Requirements engineering (RE) is the area of software engineering responsible for the elicitation and definition of the software system requirements. This task implies joining the knowledge of the services that a software system can and cannot provide with the knowledge of clients’ and users’ needs (Jackson, 1995; Katasonov & Sakkinen, 2005; Kotonya & Sommerville, 1998; Sommerville & Sawyer, 1997; Sutcliffe, Fickas, & Sohlberg, 2006; Uchitel, Chatley, Kramer, & Magee, 2006). Frequently, this activity is done by people with a software engineering bias. The underlying hypothesis of this choice is that users’ needs are easier to understand than the software’s possible behaviors. This is not always true; however, this is the metacontext in which most RE heuristics and methodologies have been developed. Understanding clients’ and users’ needs is far more complex than merely interviewing selected clients and user representatives, compiling all gathered information in one document. Defining how to put into service a complex software system within an organization requires envisioning how the business process of the organization will be in the future from both points of view: software organization and business organization. This is the key of the RE commitment: to imagine how the future business process will be. This RE commitment requires a good knowledge about how the business process actually is. Understanding the software system’s preexistent context basically means understanding the clients’ and users’ culture. In other words, this part of the RE is a learning process.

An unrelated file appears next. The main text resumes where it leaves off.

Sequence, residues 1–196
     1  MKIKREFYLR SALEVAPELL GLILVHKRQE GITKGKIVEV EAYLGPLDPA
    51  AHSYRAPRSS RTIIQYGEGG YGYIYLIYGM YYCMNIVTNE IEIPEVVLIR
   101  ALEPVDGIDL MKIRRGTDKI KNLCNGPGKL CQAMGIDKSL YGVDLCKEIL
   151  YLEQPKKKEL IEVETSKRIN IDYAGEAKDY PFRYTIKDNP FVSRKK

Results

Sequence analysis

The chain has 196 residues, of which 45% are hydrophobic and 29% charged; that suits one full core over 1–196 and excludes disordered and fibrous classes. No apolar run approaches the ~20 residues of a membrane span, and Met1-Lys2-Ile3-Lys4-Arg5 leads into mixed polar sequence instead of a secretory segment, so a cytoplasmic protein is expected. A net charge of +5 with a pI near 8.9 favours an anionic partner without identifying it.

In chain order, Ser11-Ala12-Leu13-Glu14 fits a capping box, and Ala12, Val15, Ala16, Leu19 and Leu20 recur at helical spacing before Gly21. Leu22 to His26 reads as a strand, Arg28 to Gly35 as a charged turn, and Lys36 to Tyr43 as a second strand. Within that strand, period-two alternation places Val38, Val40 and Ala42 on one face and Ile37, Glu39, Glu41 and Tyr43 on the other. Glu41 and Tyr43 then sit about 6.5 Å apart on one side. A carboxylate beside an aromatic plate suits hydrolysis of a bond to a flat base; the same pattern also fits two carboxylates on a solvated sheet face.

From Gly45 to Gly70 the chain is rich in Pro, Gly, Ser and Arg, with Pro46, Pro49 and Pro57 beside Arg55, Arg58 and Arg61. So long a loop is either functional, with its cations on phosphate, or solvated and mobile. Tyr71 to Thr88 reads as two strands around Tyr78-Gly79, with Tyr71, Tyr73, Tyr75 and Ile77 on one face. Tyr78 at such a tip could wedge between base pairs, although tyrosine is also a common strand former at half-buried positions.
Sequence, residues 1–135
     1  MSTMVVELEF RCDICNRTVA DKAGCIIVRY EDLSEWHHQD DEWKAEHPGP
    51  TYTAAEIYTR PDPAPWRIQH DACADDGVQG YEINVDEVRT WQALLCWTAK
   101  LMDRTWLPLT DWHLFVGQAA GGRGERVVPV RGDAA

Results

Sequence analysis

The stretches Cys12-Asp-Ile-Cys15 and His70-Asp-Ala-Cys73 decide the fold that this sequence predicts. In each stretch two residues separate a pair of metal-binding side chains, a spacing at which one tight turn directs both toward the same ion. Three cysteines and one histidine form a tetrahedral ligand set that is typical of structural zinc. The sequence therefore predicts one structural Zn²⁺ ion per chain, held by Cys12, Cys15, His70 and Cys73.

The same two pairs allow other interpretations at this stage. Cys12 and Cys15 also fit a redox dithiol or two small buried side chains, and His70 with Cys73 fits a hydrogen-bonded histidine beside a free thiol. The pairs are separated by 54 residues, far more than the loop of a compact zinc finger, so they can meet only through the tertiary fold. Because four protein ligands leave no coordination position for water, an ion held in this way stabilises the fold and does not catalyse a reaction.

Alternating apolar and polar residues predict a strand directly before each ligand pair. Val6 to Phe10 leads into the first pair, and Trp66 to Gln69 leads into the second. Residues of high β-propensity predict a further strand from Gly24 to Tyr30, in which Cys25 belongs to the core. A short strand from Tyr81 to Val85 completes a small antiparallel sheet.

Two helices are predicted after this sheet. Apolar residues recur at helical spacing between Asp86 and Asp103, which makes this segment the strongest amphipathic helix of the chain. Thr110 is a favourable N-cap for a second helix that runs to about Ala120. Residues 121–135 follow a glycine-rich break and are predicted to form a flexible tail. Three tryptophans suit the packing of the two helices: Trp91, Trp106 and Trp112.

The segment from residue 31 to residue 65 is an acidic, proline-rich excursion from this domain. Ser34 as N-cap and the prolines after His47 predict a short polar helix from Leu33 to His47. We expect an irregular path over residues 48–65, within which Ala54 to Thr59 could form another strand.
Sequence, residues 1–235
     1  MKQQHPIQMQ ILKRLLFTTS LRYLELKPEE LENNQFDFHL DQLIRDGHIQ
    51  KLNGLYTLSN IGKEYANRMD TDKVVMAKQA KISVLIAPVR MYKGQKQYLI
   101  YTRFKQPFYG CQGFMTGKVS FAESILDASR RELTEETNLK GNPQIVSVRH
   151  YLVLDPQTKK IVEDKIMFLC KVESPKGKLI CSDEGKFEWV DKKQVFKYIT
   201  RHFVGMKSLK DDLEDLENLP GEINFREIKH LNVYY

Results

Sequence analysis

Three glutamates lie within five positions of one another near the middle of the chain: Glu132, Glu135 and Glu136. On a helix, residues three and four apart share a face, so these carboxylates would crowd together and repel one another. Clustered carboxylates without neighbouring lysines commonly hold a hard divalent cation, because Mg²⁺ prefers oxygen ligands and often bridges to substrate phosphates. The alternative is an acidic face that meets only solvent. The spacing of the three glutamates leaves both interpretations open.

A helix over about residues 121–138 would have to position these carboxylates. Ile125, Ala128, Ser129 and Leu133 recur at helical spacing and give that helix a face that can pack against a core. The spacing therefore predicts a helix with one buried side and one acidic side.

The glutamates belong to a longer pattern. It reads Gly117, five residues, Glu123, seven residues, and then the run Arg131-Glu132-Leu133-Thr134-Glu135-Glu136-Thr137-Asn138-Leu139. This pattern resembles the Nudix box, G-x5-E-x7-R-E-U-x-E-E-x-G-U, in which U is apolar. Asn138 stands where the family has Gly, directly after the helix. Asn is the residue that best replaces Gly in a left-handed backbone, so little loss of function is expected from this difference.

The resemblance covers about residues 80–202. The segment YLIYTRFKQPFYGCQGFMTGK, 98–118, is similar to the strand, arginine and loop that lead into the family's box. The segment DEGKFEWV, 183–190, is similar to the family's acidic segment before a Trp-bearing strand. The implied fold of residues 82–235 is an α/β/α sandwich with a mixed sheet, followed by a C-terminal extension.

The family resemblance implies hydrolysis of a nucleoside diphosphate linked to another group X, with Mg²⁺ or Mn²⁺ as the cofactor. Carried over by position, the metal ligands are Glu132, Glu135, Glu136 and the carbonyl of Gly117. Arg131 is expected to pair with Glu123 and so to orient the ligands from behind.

The importance language has in any culture should be noticed. Language is an organized system of speech by which people communicate with each other with mutual comprehension. Also, it is very important to note that by the words it contains and the concepts it can formulate, language is said to determine the attitudes, understandings, and responses in any society. Language, therefore, may be both a cause and a symbol of cultural differentiation (Fishman, 1999; Hall, Hawkey, Kenny, & Storer, 1986). Language reflects environment and technology: Arabic has 80 words for camels, while Japanese has more than 20 words for rice and Inuit has more than 20 words for snow and ice (Nettle & Romaine, 2000). Clients and users have several special words that they use when discussing their activities. The requirements engineer must pick and understand as many of these words as possible as a first step in understanding clients’ and users’ culture.
Glossaries have been used in software engineering with different purposes, such as data dictionaries in early database books (Codd, 1982) to document entities, attributes, relations, types, and services of databases. Thus, it provides a common understanding of all the system names to the developer team and later to the maintenance team. However, data dictionaries are also an important component of structured analysis, data recording, data storage, and the details of processes (Gane & Sarson, 1982; Senn, 1989), though authors like Gane and Sarson suggest that the real name for them should be project guide instead of data dictionary. These data dictionaries are created during analysis and also used during system design. They satisfy five objectives: to manage details, communicate common meanings, document system characteristics, help the analysis of details and changes, and locate errors and omissions of the system.
In this article an RE process beginning with the construction of a language-extended lexicon (LEL) as its first activity (Leite, Hadad, Doorn, & Kaplan, 2000) is addressed, and the structure and creation of this LEL is described.